The Modern Movie Review

I’ve always had a problem with the typical scale of reviewing a movie.

1-10 is a good baseline, but it doesn’t tell you anything about what you saw. What about a bad movie that’s funny because of how much it sucks? How am I supposed to rank Casablanca and Who Framed Roger Rabbit in the same scale? Both are probably a 9/10 in my eyes, but for entirely different reasons.

After working tirelessly with a team of doctors, engineers, and dudes who wear black jeans and only listen to vinyl, I’ve determined the best way to rank a film- in four distinct but equally important parts.

I’ll be accompanying my explanations with a handy computer drawn chart.

PART ONE: GOOD MOVIES

Good movies are good movies. Did I have to write that one down for you?

Ferris Bueller’s Day Off and Scott Pilgrim VS. The World are two of my favorite movies- both are fundamentally good.

PART TWO: BAD MOVIES

Bad movies are… bad movies. If you can’t grasp that, I at least hope the glue you’re eating tastes good.

The worst movie I’ve ever seen is The Star Wars Holiday Special.

This is as simple as things get. I considered leaving the scale like this- but just calling a movie good or bad is too simple.

PART THREE: IRONICALLY GOOD MOVIES

These are definitely bad movies… but so bad they’re good.

Tommy Wiseau’s The Room is maybe the best example of a bad movie that’s fun to watch.

PART FOUR: GRAND MOVIES

Scorsese’s type of monumental epic tale.

The kind of movie that an NYU student would call “revolutionary”.

And that’s my scale.

The top half of the graph contains all the movies you would say are good, and the bottom half are bad movies. The right half is movies that would be fun to watch at a party. You may love Citizen Kane, but if you’d never watch it casually. No one just throws on Rocky (unless you’re in Philly). The baseline is, if it might kill the energy of a room, you put it on the left side.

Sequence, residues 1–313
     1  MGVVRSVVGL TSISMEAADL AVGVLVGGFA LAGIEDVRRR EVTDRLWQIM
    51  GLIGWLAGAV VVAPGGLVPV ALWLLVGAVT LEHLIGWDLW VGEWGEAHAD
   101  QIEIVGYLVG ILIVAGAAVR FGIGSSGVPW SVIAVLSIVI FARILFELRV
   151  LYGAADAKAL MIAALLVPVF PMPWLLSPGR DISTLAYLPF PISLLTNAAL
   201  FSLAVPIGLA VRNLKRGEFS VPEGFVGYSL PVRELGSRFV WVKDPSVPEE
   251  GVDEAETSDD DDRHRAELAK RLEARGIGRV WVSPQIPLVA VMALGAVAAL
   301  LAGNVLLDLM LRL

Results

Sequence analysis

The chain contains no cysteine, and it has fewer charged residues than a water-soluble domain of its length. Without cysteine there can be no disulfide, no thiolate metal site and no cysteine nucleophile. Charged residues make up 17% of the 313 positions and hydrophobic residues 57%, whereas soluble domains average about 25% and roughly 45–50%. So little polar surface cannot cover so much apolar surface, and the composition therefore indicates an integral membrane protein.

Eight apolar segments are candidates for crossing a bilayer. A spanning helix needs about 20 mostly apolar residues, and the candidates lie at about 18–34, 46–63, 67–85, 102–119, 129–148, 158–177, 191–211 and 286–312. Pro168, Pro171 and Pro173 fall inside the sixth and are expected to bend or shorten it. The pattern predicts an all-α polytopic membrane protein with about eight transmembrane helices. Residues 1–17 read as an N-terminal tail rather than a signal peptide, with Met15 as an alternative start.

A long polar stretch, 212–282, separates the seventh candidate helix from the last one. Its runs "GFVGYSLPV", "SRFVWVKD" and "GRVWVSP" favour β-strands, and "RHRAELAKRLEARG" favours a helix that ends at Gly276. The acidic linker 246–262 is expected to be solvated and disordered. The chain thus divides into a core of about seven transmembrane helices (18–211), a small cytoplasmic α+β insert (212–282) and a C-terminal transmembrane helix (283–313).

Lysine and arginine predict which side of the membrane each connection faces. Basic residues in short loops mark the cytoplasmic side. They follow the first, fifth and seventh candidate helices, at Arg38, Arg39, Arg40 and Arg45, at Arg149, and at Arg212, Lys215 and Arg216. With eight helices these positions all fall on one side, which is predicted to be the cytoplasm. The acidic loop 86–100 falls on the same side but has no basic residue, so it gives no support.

So by my new-and-improved scale, a movie can have 1 of 40 different rankings, organized by category. Each quadrant is still ranked 1-10, but now has a prefixed adjective to best convey how the film makes you feel. A ranking of 10 still means the movie is rated strongest in it’s category- though being the strongest bad movie just means you made an utterly terrible movie.

A movie you like could have a score of a “Good 6”, for example. A movie you like because it’s so bad it’s funny might score an “Ironic 8”. If you rewatch Lawrence of Arabia (a movie that’s definitely good, but would be terrible to play at a party), you’d be likely to give it a “Grand 10”. Finally, if you watch a movie that just isn’t good and isn’t enjoyable, it would be fitting to give it a “Bad 4”.

I’ve not included “guilty pleasure” movies, because that’s only a coward’s way of being too ashamed to admit they like a movie. For all intents and purposes, they would typically fall under “good movies”.

The long hours have paid off. I’ve now personally redefined how movies will be critiqued forever. I fully expect this to catch on, and when it does, all I’ll have to say to the public is… you’re welcome.

Get on my level, Roger Ebert.

The Modern Movie Review.

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